Philip Germain: We are better than this
By Signal Contributor
Tuesday, January 31st, 2017

Last Friday was International Holocaust Remembrance Day, remembering those who endured such tragedy and inhumane treatment so many years ago.

President Trump remembered this day by signing an executive order restricting travel to America from Muslim countries.

My late grandfather, Benjamin Germain, survived the Holocaust after spending years in the Bergen Belsen concentration camp. He went on to serve in the U.S. Army in the Korean War and become an outstanding member of the community upon his return.

My late grandmother, Henrietta Kaplan, survived years of evasion in Poland as the war raged on. She would find herself in the United States years later, becoming a real estate agent and building a family.

These are just two stories of the millions which came out of such a horrific period in human history.

Last week, the president signed an executive order to ban immigration coming from predominately Muslim nations and a continuing policy to scapegoat an entire religion.

My grandparents’ stories are those of people immigrating to the United States, and I cannot stand by as the president seeks to close our borders to those doing the same.

A nation is judged on the basis of how it treats its weakest members. We must remember what history has taught us and stand against such behavior.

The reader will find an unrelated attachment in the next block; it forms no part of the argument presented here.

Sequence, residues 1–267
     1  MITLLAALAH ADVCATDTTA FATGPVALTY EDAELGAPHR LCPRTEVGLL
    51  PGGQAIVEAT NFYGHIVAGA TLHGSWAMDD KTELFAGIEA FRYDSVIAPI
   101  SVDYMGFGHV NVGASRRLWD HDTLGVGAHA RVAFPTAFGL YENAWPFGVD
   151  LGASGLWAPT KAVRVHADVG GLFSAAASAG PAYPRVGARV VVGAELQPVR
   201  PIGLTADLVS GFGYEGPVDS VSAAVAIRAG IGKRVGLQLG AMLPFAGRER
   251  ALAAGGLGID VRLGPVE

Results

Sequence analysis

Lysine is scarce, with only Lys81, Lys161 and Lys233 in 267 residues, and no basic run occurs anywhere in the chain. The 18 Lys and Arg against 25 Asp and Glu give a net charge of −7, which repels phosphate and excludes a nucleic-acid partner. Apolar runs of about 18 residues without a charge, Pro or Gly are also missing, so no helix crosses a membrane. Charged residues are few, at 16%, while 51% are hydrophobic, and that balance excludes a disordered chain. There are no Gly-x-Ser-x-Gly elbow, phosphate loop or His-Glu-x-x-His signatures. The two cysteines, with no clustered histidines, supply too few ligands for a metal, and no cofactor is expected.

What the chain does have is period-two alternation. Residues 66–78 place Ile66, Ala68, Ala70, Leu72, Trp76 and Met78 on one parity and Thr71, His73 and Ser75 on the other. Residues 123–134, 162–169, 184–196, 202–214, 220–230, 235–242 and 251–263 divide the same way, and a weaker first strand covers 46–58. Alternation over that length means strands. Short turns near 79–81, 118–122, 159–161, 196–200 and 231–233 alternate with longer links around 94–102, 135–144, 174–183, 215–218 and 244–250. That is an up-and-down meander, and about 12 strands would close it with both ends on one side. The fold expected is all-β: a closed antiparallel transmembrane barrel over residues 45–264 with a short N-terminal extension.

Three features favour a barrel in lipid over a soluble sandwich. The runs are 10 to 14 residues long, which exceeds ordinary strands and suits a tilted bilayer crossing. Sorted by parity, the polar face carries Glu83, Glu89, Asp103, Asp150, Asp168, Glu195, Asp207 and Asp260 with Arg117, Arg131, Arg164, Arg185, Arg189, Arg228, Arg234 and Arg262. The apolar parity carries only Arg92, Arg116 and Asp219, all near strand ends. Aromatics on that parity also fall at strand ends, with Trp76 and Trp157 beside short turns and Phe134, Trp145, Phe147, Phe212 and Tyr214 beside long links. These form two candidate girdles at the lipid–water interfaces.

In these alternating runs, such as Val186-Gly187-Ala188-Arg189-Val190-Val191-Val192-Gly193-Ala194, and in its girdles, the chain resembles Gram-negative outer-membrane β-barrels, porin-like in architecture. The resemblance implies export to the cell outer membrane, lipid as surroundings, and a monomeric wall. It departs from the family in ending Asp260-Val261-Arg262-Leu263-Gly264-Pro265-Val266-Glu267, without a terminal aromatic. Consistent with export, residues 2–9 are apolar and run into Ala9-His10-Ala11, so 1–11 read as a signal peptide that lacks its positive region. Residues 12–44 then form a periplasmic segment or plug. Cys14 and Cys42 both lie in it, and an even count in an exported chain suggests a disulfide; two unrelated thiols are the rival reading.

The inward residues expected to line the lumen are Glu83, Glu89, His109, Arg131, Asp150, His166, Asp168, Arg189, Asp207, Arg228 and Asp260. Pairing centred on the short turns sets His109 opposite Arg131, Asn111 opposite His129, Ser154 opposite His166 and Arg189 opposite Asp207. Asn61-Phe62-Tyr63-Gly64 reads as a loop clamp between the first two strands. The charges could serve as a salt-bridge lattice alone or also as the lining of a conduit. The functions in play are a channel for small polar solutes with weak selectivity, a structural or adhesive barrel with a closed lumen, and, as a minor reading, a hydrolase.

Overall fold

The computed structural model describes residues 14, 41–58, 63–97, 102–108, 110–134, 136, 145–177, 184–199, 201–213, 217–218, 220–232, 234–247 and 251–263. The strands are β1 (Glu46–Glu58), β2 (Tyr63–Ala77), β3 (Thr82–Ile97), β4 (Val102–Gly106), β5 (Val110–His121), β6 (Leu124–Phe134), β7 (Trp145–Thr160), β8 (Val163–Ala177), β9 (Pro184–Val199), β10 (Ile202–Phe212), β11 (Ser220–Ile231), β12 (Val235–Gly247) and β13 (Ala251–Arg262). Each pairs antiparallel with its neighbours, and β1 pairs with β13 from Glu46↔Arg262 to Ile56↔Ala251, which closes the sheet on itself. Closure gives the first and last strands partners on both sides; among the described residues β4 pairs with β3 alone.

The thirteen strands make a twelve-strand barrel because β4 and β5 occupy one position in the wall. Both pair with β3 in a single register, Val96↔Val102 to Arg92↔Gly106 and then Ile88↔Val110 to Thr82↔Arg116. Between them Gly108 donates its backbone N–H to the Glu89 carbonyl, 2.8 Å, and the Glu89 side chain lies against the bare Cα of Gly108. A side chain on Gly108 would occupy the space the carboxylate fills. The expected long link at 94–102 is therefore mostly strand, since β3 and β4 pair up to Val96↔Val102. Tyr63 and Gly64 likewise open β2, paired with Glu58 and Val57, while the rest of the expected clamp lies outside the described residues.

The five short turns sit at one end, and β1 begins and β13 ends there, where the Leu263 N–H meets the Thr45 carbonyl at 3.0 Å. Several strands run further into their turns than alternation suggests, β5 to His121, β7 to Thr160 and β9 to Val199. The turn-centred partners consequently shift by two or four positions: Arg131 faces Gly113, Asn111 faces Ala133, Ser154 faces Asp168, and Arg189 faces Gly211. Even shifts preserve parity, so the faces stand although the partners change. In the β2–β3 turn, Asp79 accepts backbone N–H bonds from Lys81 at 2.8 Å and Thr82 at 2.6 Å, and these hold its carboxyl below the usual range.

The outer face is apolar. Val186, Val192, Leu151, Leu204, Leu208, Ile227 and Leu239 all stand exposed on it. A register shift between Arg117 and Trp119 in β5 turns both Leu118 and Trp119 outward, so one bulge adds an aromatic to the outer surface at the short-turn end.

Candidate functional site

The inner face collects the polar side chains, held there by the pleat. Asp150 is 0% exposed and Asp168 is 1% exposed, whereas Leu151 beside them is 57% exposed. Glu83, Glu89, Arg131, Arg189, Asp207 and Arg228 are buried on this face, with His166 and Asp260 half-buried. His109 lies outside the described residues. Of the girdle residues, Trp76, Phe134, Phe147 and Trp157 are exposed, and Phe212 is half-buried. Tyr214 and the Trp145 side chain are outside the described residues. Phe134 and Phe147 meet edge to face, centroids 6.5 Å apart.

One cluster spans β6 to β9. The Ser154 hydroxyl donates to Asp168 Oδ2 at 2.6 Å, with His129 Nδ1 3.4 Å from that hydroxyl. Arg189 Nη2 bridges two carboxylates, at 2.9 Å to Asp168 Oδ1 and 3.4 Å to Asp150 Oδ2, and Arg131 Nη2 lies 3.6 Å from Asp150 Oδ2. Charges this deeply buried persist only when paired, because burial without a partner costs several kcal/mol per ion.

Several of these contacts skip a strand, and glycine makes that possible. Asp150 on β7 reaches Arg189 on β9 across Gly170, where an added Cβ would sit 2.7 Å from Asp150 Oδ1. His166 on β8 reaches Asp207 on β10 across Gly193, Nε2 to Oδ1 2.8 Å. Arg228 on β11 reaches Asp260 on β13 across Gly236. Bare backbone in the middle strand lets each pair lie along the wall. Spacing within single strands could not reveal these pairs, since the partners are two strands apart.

About the author

Signal Contributor

Signal Contributor

Philip Germain: We are better than this

Last Friday was International Holocaust Remembrance Day, remembering those who endured such tragedy and inhumane treatment so many years ago.

President Trump remembered this day by signing an executive order restricting travel to America from Muslim countries.

My late grandfather, Benjamin Germain, survived the Holocaust after spending years in the Bergen Belsen concentration camp. He went on to serve in the U.S. Army in the Korean War and become an outstanding member of the community upon his return.

My late grandmother, Henrietta Kaplan, survived years of evasion in Poland as the war raged on. She would find herself in the United States years later, becoming a real estate agent and building a family.

These are just two stories of the millions which came out of such a horrific period in human history.

Last week, the president signed an executive order to ban immigration coming from predominately Muslim nations and a continuing policy to scapegoat an entire religion.

My grandparents’ stories are those of people immigrating to the United States, and I cannot stand by as the president seeks to close our borders to those doing the same.

A nation is judged on the basis of how it treats its weakest members. We must remember what history has taught us and stand against such behavior.